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AOC Slams GOP After Gaetz Admits Debt Limit Negotiation Is “Hostage” Situation

“For all of this talk about negotiations, Republicans are not negotiating at all,” said Ocasio-Cortez.

Rep. Alexandria Ocasio-Cortez waits as the House of Representatives holds the election for Speaker of the House on January 03, 2023 in Washington, D.C.

Rep. Alexandria Ocasio-Cortez (D-New York) has condemned Republicans’ brinkmanship with the quickly approaching debt limit after GOP Rep. Matt Gaetz (Florida) openly admitted on Tuesday that his party is approaching the issue as a “hostage” negotiation.

Political commentators and lawmakers have long observed that the Republican Party’s strategy toward the debt ceiling — of demanding that Democrats make huge cuts to social programs or else risk certain economic disaster — is a hostage situation that could result in economic ruin.

Gaetz, however, outright admitted as such in an interview with Semafor on Tuesday, going as far as to say that the hostage’s demands should be ignored. “I think my conservative colleagues for the most part support Limit, Save, Grow, and they don’t feel like we should negotiate with our hostage,” he said.

Later on Tuesday evening, Ocasio-Cortez blasted Republicans for holding fast to their extremist demands and for moving even further to the right during talks with Democratic leaders, pointing out that economic experts and the Treasury Department say that the “X-date,” or the day that the government will run out of money to pay its bills and will be forced to default on its loans, is coming as early as June 1 — just about a week away.

“Even President Trump said during his administration that using the debt limit as a leverage point or negotiating tool is absolutely ludicrous and unacceptable, because the stakes are simply too high,” the progressive said on CNN. “To hold the entire U.S. economy hostage, particularly if the Republican evaluation is a cynical one, saying ‘if we tank the economy, we’ll expect people to blame the president,’ is reckless, it’s irresponsible.”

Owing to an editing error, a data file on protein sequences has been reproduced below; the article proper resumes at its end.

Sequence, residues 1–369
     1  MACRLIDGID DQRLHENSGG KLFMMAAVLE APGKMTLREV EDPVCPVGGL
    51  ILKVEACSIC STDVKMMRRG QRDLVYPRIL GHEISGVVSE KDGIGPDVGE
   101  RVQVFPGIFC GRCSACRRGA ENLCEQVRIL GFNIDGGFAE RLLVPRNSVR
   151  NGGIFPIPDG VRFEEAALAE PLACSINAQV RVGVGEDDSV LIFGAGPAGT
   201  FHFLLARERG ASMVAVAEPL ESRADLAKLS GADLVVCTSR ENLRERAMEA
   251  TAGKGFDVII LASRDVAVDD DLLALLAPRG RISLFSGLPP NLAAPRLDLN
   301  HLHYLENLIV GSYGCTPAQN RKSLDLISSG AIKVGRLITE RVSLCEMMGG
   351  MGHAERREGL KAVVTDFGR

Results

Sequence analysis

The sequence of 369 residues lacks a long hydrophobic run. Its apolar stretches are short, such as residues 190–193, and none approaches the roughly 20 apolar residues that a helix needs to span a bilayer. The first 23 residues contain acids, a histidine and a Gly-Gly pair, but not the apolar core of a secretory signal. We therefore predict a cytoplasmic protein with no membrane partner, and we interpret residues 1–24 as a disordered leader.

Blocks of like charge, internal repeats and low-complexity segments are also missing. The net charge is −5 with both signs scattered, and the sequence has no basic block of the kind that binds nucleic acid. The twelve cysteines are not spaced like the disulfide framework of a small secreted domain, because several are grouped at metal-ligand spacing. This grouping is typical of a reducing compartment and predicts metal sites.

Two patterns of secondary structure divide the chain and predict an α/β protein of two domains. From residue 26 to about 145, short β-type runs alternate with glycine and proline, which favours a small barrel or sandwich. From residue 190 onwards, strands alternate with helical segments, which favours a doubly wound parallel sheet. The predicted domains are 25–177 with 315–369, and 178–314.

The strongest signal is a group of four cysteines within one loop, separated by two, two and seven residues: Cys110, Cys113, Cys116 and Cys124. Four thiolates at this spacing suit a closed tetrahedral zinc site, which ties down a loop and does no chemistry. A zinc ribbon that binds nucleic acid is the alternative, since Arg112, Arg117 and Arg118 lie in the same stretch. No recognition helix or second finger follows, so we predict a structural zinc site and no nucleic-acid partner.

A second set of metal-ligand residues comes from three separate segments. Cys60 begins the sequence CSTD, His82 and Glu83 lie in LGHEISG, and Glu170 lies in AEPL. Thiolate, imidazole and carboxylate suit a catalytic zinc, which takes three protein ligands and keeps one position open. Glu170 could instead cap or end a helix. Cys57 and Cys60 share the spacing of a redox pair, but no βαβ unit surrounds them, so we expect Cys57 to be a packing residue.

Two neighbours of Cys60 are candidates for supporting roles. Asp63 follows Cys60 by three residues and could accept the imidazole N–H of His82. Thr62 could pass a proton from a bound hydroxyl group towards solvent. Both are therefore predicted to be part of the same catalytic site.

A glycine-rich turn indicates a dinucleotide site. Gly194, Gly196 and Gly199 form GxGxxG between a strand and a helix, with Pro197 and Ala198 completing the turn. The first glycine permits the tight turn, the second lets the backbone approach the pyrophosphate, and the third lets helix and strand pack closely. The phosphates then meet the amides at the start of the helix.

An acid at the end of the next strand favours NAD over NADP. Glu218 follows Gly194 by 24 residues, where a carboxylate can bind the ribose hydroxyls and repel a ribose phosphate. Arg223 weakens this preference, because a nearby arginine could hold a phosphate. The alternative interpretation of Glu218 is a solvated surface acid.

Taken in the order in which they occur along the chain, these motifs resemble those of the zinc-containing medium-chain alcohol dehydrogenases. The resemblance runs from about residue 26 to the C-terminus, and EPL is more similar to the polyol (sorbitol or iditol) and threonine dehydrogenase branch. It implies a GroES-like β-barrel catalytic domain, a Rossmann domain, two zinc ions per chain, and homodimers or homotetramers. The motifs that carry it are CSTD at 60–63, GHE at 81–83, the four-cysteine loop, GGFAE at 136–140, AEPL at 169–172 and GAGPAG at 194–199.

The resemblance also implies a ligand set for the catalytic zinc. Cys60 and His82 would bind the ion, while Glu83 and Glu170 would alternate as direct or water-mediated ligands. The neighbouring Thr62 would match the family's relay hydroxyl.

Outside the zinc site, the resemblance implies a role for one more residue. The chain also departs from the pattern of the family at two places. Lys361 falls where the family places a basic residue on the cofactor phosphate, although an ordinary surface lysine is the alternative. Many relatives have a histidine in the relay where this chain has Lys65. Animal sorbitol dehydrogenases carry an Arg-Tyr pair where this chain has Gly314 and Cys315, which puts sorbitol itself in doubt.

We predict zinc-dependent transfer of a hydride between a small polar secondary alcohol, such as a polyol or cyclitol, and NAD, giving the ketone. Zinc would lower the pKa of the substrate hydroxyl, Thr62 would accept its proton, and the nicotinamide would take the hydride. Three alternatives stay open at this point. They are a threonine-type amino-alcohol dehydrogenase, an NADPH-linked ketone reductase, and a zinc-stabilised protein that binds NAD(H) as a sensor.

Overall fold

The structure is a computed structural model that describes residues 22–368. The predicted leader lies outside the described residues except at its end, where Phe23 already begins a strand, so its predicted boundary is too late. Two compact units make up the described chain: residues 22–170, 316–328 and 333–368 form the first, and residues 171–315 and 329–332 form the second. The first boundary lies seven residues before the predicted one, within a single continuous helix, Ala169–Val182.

“The stakes of a default cannot be understated,” she continued. “The chaos that would ensue, and the impact on people’s everyday lives would likely be immediate. And it is one of the reasons we need to take default off of the table and have Republicans agree to raise the debt limit.”

The lawmaker went on to say that Gaetz’s comment makes clear the circumstances around the debt limit talks.

“For all of this talk about negotiations, Republicans are not negotiating at all,” Ocasio-Cortez said. “Republican Matt Gaetz expressed in a party meeting today that this is, in fact, a hostage situation. And I want to be clear about what the Republican Party is taking hostage. It is not Democrats. It is the entire U.S. economy.”

The GOP is attempting to force Democrats to choose between two impossible situations, she said: risk a U.S. default and potential recession, harming the U.S.’s creditworthiness on a global scale, or cave to Republicans’ demands to entrench the fossil fuel industry, sap billions of dollars away from crucial health care and education programs, and hamper future negotiations on government spending for decades to come.

Meanwhile, Ocasio-Cortez pointed out that Republicans are approaching the debt limit so recklessly that they won’t even acknowledge that the June 1 deadline, as Treasury Secretary Janet Yellen has warned of, is legitimate, with Republicans making the bet that the nation’s leading economic experts are incorrect, without evidence of their own.

Progressives, including Ocasio-Cortez and other prominent lawmakers like Sen. Bernie Sanders (I-Vermont), have pushed back against the idea that Democrats must make concessions in order to raise the debt limit, as Democratic leaders seem to think. This week, 66 members of the Congressional Progressive Caucus sent a letter to President Joe Biden to invoke the clause of the 14th Amendment that they say allows him to bypass Republicans and raise the debt limit.

Sanders has similarly called on Biden to use the 14th Amendment option, leading 10 of his Senate colleagues to ask Biden in a separate letter last week to act boldly to “preven[t] a global economic catastrophe.”

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